EMG’s work falls into four broad and inter-connected themes, as described below. In all of these programme areas, our strategic focus is to:
EMG's work in this field is primarily focussed on questions of adaptation.
For fair trade to make a real and lasting difference for its intended beneficiaries (small-farmers and farm-workers), it has to provide more than just money. It has also to allow meaningful engagement by beneficiaries in all aspects of fair trade’s decision-making and governance.
Yet the reality is that they are the least represented stakeholders in the system.
EMG's work in this field aims to:
You might get a more tangible sense of the context we work in through one of EMG's "Untold Stories". In this case, we try to capture some of the struggles of a fictional farm-worker, Kobus February and the Place of Thorns
Our work with rural communities aims to illustrate the value of participatory approaches that draw on inherent resources, build problem-solving capacity, and develop the base for sustainable livelihoods.
At the same time the programme aims to develop arguments for better policy and practice that promote effective adaptation to climate variability and address land degradation while maintaining biodiversity, agricultural productivity and local livelihoods.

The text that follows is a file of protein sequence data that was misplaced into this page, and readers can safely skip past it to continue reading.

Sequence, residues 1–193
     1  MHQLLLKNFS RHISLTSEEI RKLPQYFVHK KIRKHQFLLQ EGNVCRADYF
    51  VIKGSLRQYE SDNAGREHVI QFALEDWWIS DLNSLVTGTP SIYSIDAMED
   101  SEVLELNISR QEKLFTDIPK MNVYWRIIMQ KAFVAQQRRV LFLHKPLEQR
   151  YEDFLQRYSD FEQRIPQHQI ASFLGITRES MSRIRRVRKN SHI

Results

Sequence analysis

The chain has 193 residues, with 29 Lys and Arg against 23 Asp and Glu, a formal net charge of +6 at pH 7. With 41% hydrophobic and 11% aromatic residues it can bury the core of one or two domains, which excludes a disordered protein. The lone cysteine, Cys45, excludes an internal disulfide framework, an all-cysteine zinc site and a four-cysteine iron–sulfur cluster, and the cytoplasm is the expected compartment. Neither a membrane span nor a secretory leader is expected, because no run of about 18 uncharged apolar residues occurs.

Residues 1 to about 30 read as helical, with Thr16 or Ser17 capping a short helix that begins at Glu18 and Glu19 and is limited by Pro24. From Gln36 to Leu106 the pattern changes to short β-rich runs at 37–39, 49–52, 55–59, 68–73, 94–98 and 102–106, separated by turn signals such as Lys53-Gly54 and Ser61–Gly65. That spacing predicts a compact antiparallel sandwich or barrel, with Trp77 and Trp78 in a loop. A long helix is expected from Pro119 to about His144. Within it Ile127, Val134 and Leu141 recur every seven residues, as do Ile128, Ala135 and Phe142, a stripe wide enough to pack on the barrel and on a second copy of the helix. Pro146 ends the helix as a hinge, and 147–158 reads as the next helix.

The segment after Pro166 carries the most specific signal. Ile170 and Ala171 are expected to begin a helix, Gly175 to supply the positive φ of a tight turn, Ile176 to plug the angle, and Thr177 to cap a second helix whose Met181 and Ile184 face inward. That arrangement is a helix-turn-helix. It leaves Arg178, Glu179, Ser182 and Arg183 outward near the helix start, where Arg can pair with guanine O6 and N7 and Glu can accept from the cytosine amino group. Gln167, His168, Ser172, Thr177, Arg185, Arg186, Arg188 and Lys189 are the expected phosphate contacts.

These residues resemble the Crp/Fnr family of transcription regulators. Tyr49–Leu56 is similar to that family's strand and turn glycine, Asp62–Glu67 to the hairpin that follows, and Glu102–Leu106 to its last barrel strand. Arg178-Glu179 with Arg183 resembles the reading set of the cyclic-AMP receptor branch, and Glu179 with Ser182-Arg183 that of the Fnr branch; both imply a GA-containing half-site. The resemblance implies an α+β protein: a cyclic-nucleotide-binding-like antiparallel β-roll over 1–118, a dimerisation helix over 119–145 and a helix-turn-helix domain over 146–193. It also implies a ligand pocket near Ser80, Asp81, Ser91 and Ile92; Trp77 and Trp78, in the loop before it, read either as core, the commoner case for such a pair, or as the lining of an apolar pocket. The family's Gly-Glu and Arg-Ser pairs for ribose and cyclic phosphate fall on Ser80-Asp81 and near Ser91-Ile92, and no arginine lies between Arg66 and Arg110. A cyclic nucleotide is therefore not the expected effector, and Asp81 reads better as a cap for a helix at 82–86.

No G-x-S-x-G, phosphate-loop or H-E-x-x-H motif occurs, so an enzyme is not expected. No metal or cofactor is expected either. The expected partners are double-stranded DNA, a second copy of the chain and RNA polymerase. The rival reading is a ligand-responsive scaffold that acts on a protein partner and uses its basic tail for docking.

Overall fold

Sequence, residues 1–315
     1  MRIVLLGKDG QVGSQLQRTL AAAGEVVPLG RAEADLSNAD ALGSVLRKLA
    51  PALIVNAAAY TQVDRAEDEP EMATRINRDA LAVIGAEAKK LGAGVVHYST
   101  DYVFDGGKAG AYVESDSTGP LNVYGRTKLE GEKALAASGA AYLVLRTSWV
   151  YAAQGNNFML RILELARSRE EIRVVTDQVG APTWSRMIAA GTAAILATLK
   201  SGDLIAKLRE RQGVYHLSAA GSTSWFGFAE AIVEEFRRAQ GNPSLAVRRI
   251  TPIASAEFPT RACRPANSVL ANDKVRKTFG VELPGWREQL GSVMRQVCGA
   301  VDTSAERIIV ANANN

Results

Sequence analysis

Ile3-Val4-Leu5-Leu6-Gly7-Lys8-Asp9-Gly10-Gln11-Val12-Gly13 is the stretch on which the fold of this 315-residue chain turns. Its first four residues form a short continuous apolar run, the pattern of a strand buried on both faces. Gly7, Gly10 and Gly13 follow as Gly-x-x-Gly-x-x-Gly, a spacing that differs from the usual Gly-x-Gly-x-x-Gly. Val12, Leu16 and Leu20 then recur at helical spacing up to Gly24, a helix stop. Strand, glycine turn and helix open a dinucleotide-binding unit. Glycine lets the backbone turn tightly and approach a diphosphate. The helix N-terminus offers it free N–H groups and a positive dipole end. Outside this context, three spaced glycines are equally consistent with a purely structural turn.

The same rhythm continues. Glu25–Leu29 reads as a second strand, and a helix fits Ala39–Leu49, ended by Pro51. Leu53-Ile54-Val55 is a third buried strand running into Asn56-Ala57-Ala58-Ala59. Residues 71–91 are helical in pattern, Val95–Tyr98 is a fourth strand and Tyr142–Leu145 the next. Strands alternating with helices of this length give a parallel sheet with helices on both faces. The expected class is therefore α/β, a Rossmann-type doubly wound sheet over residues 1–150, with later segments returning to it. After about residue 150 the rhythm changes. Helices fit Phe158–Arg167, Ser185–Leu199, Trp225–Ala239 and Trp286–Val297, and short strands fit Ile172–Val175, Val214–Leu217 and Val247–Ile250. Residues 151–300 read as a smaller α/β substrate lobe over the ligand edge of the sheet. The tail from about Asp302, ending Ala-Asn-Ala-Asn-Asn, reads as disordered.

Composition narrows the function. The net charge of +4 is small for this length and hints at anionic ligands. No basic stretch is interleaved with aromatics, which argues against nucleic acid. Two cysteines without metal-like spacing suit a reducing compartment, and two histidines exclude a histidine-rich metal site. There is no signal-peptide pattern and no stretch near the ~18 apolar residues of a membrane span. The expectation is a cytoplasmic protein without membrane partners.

Most of the world's governments have committed to United Nations’ conventions on Desertification, Biodiversity and Climate Change. Implementation however is typically patchy, poorly coordinated and not well informed by conditions “on the ground” in rural areas. The broader context of EMG's work includes giving local-level substance to these 3 UN conventions, and to provide policy makers with a better understanding of the realities and aspirations of people who live in the rural drylands of South Africa.
Our work with soil and water conservation is a feature of one of EMG's Untold Stories, Rebirth in the ancient Bokkeveld, which you can read here.
EMG works to build responses to climate change in the water sector that are just, human-scale, ecologically sensitive, empowering and effective.
The responses are both to build resilience (adaptation) and to reduce water’s contribution to global warming (mitigation).
We work with people on the margins of our unsustainable society, challenge power relationships, create unique spaces to meet and connect, and help people re-imagine their relationships with each other and nature.
We do this through research, facilitation, policy analysis, solidarity building and creativity.